Police Commissioner To Koch: Apologize For Jackson Attacks
Apr. 26, 1988
NEW YORK (AP) _ Police Commissioner Benjamin Ward said Tuesday that Mayor Edward I. Koch ought to apologize for his ''divisive'' attacks on Jesse Jackson during the New York primary.
Ward, the city's first black police commissioner and a Koch appointee, said the mayor's acknowledgement that he had been left ''bloodied'' but unbowed by the uproar surrounding his criticism of Jackson did not suffice as an apology.
''It's not enough to say 'I'm bloodied.' ... It's not a time for more people to get bloodied 3/8 If you're bloodied, maybe you need Florence Nightingale. You don't need somebody else with a bat and a hatchet,'' Ward told reporters at City Hall.
At an appearance in Washington on Tuesday, Koch offered an apology for hurting black people's feelings but stopped short of saying he was sorry for his remarks.
''When you ask me about blacks and their sensitivity, I'm sorry that I injured their feelings but I will try to redress that as best I can,'' he said. ''Not just with words but with programs.''
He said his new budget on May 9 would include housing, health and education programs aimed at helping New York's blacks.
Asked if these programs were evolving because of the harsh criticism to which he has been subjected, Koch, who has said he plans to run for a fourth term next year, replied, ''Oh, sure. Absolutely.''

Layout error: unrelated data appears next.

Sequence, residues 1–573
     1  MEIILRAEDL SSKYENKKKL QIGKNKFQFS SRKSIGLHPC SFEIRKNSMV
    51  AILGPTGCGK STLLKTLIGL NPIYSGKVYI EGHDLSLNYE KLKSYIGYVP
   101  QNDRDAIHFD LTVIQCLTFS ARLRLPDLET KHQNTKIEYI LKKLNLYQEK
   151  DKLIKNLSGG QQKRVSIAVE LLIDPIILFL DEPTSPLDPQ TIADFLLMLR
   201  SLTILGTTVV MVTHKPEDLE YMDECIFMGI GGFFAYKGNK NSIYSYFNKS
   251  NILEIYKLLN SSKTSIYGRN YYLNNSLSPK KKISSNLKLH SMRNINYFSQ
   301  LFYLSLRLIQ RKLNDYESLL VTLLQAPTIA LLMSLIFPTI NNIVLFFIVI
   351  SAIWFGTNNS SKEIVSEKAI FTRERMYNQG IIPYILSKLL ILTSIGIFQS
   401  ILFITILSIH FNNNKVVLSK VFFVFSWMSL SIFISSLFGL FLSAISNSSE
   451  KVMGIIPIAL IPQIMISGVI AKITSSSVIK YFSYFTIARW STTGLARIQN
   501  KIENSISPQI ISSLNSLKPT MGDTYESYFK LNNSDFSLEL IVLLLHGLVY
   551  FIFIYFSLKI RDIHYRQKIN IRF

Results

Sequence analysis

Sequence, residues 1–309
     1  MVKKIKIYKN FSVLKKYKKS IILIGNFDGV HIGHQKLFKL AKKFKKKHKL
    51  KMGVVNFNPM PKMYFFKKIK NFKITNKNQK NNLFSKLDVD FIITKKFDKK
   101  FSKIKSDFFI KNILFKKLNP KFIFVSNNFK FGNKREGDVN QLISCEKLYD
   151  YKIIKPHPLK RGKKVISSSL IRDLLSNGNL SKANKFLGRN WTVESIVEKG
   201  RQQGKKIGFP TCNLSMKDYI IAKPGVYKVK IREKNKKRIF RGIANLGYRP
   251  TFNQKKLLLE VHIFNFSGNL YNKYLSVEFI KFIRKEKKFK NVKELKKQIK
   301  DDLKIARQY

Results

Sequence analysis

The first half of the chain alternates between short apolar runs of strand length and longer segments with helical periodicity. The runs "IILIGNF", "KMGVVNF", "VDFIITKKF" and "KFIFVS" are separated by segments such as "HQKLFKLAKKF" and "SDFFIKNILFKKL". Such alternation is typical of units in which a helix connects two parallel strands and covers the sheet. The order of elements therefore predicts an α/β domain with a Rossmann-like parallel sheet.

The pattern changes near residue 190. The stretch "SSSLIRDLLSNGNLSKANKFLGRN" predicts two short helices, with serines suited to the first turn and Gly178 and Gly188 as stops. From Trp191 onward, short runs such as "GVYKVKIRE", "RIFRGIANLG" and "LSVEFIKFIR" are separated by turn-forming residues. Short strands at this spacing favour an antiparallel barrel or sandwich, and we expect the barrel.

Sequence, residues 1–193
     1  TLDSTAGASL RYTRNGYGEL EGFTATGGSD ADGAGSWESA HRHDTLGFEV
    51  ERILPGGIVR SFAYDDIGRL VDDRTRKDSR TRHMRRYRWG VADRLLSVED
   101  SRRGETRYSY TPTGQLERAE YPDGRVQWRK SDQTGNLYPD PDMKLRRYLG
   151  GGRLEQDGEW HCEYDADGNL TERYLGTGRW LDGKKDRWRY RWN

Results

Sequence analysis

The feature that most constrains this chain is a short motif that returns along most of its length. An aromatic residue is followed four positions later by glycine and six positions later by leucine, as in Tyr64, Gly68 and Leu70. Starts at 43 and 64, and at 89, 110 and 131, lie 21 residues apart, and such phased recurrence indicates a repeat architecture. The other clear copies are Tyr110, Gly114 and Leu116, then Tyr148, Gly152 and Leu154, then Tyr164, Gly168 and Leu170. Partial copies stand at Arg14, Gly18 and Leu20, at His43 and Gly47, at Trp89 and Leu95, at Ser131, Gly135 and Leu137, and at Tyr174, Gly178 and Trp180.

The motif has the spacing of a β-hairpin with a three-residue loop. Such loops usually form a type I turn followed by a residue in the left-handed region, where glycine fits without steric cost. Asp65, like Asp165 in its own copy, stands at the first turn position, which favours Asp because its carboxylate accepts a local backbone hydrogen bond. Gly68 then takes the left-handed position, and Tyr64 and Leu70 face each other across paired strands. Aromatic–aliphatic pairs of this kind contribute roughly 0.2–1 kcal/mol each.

During the campaign, Koch criticized Jackson's stand on Israel and said Jews and other supporters of that nation would be ''crazy'' to vote for him.
He also said he thought Jackson's positions on national spending would bankrupt the country, that his defense policy would disarm the United States, and that he had ''lied'' about his actions the night the Rev. Martin Luther King was assassinated.
Ward said he did not know Koch's intentions in making those remarks.
''But, whatever the mayor thought he was doing ... I'm here to tell him, and I think the whole city community, black and white, is saying that, 'It didn't come out right, Ed. And it has a divisive tone to it. And there is a time for some healing and consensus playing that this city really can't afford what's come out of this. And enough is enough and times is tough.'''